Malaysia's acting Transport Minister Hishamuddin Hussein shows the map of northern search corridor during a press conference at a hotel next to the Kuala Lumpur International Airport, in Sepang, Malaysia, Monday, March 17, 2014. Twenty-six countries are involved in the massive international search for the Malaysia Airlines jetliner that disappeared on March 8 with 239 people aboard. They include not just military assets on land, at sea and in the air, but also investigators and the specific support and as
New Theories of Malaysia Air DIsappearance
Buffalo, NY (WBEN) Officials revealed a new timeline Monday suggesting the final voice transmission from the cockpit of the missing Malaysian plane may have occurred before any of its communications systems were disabled, adding more uncertainty about who aboard might have been to blame.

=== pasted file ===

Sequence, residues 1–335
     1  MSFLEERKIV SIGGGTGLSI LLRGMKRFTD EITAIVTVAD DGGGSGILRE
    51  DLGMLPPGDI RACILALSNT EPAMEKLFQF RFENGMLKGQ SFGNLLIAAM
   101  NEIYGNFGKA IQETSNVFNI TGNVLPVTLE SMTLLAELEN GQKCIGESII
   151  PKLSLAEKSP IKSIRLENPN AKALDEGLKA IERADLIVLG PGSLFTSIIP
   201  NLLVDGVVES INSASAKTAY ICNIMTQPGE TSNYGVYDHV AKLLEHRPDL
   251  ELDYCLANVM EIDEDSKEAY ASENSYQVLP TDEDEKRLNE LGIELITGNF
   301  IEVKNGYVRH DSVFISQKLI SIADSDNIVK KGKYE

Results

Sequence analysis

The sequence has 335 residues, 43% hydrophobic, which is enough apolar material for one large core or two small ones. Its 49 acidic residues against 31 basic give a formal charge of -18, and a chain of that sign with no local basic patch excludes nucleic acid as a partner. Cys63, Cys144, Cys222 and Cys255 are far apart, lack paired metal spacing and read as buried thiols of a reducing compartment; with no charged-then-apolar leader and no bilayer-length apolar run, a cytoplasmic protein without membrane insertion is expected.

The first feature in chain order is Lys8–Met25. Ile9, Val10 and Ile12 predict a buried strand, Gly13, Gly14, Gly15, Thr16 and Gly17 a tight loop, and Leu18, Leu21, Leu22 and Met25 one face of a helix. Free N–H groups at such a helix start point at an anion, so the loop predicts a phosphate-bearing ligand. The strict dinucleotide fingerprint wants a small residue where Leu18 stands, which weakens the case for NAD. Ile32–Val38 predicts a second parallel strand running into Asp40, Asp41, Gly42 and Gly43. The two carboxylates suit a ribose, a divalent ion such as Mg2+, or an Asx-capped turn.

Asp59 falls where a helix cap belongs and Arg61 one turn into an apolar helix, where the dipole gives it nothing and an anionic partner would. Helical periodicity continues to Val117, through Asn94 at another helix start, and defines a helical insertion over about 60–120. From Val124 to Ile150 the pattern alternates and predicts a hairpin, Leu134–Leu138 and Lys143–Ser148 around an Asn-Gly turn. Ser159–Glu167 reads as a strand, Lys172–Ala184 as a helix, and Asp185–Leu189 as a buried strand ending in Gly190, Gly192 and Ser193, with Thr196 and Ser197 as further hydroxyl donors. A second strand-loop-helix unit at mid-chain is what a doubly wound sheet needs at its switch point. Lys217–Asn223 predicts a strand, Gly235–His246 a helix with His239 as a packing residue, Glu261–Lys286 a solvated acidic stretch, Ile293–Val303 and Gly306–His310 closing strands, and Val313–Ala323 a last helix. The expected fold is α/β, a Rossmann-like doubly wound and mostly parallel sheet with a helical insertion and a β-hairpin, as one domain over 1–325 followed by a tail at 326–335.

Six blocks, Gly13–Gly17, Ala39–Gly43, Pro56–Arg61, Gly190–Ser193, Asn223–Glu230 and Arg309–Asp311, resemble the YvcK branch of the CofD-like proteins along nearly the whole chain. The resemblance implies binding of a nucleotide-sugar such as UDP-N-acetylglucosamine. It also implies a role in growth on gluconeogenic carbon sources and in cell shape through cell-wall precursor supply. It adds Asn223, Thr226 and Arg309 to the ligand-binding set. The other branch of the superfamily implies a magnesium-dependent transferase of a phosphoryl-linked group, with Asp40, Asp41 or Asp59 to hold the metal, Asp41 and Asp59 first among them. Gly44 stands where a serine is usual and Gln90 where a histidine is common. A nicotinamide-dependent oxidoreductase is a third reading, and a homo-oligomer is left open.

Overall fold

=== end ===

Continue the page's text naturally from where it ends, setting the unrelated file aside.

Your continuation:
The latest theory according to former airline pilot Pete Buffington, the co-pilot took control of the 777. "It's possible that a second 777 had the hijacked 777 follow it up towards the coast of India, and perhaps some country along the middle east or southeast Asia area," explains Buffington. "Some of the conflicting reports though are the fact that none of the countries that have radar have indicated they've had any record of rogue aircraft on any airspace."
Bob Miller says many believe the plane is on the ground somewhere. "Some folks inside the industry believe the plane is firmly on the ground somewhere, and what they do with it is anybody's guess including terrorism," notes Miller. Miller says what makes sense is the possibility passengers were killed by the co-pilot deliberately depressurizing the aircraft.